20 The perverse in heart come to no good,
    and the double-tongued fall into trouble.[an]
21 Whoever conceives a fool has grief;
    the father of a numskull has no joy.
22 A joyful heart is the health of the body,
    but a depressed spirit dries up the bones.
23 A guilty person takes out a bribe from the pocket,
    thus perverting the course of justice.[ao]
24 On the countenance of a discerning person is wisdom,
    but the eyes of a fool are on the ends of the earth.[ap]
25 A foolish son is vexation to his father,
    and bitter sorrow to her who bore him.
26 It is wrong to fine an innocent person,
    but beyond reason to scourge nobles.
27 Those who spare their words are truly knowledgeable,
    and those who are discreet are intelligent.
28 Even fools, keeping silent, are considered wise;
    if they keep their lips closed, intelligent.[aq]

Chapter 18

One who is alienated seeks a pretext,
    with all persistence picks a quarrel.
Fools take no delight in understanding,
    but only in displaying what they think.[ar]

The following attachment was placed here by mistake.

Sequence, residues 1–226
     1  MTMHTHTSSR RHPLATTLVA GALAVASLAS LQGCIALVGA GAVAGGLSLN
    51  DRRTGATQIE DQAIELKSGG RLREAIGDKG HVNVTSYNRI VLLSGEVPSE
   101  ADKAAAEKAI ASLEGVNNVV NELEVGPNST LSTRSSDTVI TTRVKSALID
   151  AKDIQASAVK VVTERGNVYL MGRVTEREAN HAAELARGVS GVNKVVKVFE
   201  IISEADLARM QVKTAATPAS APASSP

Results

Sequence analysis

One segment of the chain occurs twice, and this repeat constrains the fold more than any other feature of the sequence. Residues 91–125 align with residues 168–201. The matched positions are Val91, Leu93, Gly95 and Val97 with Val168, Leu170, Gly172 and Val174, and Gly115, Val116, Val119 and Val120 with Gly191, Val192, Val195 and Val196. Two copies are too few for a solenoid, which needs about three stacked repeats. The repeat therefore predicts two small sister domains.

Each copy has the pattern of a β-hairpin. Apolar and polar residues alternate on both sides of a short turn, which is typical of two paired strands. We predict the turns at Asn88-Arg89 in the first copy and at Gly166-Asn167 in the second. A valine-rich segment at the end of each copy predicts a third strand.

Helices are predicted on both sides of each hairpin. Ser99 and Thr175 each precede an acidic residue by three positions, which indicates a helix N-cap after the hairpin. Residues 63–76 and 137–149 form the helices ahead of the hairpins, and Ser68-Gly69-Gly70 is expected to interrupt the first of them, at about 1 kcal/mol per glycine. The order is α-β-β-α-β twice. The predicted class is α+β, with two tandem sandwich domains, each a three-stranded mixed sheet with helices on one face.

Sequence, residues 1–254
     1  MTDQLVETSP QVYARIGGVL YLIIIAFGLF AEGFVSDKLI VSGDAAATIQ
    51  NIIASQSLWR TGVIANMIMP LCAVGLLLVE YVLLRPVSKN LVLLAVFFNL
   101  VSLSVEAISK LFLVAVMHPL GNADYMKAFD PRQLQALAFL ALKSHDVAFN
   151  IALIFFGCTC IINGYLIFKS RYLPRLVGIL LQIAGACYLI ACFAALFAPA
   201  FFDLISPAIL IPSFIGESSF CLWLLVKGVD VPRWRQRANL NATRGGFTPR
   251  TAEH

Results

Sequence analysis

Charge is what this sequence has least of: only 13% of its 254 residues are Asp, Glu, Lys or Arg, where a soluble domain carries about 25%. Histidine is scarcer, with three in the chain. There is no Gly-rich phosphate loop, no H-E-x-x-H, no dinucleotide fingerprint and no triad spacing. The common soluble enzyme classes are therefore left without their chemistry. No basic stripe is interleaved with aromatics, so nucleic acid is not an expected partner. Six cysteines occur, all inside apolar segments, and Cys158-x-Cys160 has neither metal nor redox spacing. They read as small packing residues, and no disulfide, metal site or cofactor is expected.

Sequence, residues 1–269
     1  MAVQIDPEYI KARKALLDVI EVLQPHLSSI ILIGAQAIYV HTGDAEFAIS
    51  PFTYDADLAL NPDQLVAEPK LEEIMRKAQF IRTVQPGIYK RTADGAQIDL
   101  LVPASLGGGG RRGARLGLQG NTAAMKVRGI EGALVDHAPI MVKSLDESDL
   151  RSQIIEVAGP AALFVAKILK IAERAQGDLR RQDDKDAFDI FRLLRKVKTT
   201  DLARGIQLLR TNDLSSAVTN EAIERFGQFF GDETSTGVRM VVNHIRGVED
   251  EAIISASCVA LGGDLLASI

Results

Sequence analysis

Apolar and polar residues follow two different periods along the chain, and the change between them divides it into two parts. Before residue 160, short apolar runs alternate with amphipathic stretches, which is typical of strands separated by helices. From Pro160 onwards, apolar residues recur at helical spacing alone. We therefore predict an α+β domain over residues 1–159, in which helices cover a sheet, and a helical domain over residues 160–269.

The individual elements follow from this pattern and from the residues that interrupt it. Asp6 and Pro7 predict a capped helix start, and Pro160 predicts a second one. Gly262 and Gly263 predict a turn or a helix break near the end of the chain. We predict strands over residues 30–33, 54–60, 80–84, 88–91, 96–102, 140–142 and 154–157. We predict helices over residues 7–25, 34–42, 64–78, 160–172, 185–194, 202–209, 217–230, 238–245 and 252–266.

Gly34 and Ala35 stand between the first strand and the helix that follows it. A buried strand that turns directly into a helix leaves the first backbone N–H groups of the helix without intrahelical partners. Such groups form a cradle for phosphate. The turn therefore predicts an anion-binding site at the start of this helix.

With wickedness comes contempt,
    and with disgrace, scorn.
The words of one’s mouth are deep waters,
    the spring of wisdom, a running brook.[as]
It is not good to favor the guilty,
    nor to reject the claim of the just.
The lips of fools walk into a fight,
    and their mouths are asking for a beating.[at]
The mouths of fools are their ruin;
    their lips are a deadly snare.
The words of a talebearer are like dainty morsels:
    they sink into one’s inmost being.
Those slack in their work
    are kin to the destroyer.
10 [au]The name of the Lord is a strong tower;
    the just run to it and are safe.
11 The wealth of the rich is their strong city;
    they fancy it a high wall.
12 Before disaster the heart is haughty,
    but before honor is humility.
13 Whoever answers before listening,
    theirs is folly and shame.[av]